San Diego County Sheriff’s Department Issues an Update after Facing Criticism for Fentanyl Public Safety Video

By Ankita Joshi

SAN DIEGO, CA – The San Diego County Sheriff’s Department released a public safety video last week after a deputy was allegedly exposed to fentanyl and nearly died from an overdose.

However, the video has received heavy criticism from medical experts who have said that it is impossible to overdose on fentanyl simply from exposure.

The video released shows body cam footage of Deputy David Faiivae collapsing after handling a white powder.

Soon after the Deputy Faiivae collapsed, he was given doses of Narcan by Corporal Scott Crane, but when he failed to respond, he was taken to the hospital where he eventually recovered.

In their original press release, the Sheriff’s Department stated, “Fentanyl continues to be one of the greatest threats facing San Diego County and the nation. This synthetic opioid is 50 times more potent than heroin. Just a few grains of fentanyl can be absorbed through the body and lead to respiratory failure and even death.”

The department followed this statement by emphasizing the importance for all police officers to carry naloxone, as the department has been doing since 2014.

In addition to the public safety video, flyers on the danger of fentanyl were also released.

However, because of the backlash and criticism, the SDCSD released an update on this week with lab results, incident reports, and the computer-aided dispatch report from the incident. The unedited body worn camera from the incident will also be released later this week.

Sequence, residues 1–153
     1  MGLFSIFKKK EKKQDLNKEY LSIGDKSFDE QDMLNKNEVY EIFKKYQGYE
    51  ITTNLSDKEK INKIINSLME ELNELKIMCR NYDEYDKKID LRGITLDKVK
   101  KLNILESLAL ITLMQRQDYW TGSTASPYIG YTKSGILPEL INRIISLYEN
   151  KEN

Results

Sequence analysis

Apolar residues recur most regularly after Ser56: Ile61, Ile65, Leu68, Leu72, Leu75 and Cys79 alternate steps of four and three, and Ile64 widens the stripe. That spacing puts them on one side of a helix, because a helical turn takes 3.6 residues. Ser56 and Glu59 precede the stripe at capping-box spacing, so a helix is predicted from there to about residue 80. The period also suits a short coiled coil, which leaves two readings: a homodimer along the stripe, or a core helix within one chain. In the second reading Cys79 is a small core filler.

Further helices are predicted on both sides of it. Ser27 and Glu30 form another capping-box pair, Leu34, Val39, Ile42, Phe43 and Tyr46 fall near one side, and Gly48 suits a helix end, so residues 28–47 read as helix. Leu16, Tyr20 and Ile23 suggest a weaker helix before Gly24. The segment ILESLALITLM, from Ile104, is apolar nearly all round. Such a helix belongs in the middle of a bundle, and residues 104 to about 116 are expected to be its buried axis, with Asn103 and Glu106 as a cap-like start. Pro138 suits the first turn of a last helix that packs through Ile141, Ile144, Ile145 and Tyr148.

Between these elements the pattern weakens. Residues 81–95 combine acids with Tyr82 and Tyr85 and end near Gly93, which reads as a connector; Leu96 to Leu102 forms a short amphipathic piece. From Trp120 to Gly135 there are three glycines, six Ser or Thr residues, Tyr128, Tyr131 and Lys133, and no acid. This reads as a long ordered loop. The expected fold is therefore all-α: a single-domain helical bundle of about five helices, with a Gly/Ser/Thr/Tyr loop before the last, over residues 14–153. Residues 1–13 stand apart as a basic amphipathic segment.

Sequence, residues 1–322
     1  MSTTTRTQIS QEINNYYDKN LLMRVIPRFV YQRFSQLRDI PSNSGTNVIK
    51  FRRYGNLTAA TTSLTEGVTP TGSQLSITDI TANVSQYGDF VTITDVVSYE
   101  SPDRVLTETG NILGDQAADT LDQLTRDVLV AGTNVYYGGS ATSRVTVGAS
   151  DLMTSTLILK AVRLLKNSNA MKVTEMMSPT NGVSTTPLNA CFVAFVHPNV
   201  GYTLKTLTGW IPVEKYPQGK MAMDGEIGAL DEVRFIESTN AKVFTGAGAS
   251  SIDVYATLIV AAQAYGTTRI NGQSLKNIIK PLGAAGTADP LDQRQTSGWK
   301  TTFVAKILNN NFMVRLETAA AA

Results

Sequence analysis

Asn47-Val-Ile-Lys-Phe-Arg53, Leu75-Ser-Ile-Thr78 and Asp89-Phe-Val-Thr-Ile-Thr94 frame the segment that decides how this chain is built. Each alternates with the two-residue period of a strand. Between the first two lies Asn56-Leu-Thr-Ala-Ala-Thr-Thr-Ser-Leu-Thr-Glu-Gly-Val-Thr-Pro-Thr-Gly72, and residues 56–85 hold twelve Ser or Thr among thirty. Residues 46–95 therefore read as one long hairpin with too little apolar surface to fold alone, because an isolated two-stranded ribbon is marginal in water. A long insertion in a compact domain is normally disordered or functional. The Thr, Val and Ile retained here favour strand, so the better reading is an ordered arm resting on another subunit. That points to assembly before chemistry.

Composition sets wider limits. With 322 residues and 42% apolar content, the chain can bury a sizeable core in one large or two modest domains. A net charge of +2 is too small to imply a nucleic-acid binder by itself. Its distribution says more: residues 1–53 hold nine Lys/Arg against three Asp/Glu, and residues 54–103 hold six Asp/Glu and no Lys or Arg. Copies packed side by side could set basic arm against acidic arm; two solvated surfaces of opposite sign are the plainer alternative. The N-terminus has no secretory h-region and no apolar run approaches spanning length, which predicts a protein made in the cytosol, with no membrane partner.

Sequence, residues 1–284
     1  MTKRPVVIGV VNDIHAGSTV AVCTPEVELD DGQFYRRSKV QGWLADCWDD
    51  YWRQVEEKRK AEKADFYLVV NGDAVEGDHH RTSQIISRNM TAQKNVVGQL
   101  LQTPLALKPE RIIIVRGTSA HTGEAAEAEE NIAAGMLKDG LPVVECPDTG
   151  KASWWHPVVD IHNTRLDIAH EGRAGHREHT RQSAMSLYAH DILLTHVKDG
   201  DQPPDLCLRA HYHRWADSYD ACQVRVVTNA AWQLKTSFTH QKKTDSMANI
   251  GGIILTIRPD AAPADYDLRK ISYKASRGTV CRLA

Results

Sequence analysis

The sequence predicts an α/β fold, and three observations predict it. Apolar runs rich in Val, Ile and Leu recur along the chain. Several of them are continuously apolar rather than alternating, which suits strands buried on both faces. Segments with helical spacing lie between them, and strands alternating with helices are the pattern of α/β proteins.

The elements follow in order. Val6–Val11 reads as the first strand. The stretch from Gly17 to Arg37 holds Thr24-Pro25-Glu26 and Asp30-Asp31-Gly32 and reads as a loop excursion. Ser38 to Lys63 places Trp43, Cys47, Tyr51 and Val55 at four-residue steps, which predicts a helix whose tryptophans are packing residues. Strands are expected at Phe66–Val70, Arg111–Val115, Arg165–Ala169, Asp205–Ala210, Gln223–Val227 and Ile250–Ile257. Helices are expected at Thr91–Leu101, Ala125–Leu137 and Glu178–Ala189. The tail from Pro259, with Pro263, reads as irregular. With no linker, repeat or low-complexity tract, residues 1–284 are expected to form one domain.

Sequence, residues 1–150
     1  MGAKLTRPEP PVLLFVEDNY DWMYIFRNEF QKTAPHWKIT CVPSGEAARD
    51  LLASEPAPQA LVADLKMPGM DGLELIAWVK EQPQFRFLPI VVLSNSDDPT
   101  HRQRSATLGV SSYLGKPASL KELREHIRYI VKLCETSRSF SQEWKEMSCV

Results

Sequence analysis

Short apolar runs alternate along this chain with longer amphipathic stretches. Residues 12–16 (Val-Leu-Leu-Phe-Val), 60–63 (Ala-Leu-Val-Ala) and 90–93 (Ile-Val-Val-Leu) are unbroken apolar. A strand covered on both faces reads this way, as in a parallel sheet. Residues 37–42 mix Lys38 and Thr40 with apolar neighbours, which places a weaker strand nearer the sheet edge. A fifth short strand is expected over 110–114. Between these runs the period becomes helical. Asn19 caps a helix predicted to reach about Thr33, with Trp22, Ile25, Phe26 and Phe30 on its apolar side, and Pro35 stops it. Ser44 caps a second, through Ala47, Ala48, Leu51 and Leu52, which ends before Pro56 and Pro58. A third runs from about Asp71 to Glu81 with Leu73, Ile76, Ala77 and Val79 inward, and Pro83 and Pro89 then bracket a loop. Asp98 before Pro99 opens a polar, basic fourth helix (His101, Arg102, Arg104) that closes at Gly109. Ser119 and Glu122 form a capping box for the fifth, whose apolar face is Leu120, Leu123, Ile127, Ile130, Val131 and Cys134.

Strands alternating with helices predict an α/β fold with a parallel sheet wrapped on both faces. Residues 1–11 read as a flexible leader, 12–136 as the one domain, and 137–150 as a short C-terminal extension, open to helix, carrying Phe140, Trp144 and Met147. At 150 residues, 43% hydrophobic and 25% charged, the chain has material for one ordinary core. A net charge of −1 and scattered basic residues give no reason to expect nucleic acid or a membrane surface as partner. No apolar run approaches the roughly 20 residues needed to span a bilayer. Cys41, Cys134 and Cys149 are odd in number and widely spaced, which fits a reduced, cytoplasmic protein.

The incident report notes that “Deputy Faiivae lost consciousness and sustained an injury to his head during the fall” after possibly being exposed to Fentanyl.

Deputy Faiivae was then treated for a head injury, and “possible Fentanyl (opioid) exposure.”

It was also noted that “the bag was exposed to open air near all deputies who responded.”

Additionally, the lab results found the white powder found to be positive for methamphetamine, fentanyl, and fluorofentanyl.

Regardless of this update, the criticism has only increased about the real reason behind Deputy Faiivae’s hospitalization.

Medical experts have expressed disbelief and panic over the negative effects the video and message could have on the opioid crisis.

NBC News quoted a physician who raised serious doubts about the scenario.

“We have a lot of scientific evidence and a good knowledge of chemical laws and the way that these drugs work that says this is impossible,” said Ryan Marino, medical director for toxicology and addiction at University Hospitals in Cleveland.

“You can’t just touch fentanyl and overdose,” he said. “It doesn’t just get into the air and make people overdose.”

But that hasn’t stopped other departments from jumping on board.

Yesterday Clovis Police put out a press release claiming that a police officer was transported to the hospital after fentanyl exposure.

In that incident the officers after taking control of the drug in a paper bag and securing it in the patrol car claimed that they “began to have shortness of breath and elevated heart rate.”

They stopped their vehicle and paramedics were dispatched and treated both.

Academics at University of California, San Diego and North Carolina’s nonprofit RTI (Research Triangle International) published a paper in June in the peer-reviewed International Journal of Drug Policy that concluded “there are no confirmed touch-based cases of first responder fentanyl overdoses, even when naloxone was used to revive them.”
Citing similar conclusions on skin contact from the American College of Medical Toxicology and the American Academy of Clinical Toxicology, the International Journal of Drug Policy paper “also suggested that panic attacks were at work, and that hyperbolic information about fentanyl didn’t help.”

About The Author

Ankita Joshi is a second-year student at the University of San Francisco, pursuing a major in International Studies and a minor in Political Science. She is originally from Sacramento, CA.

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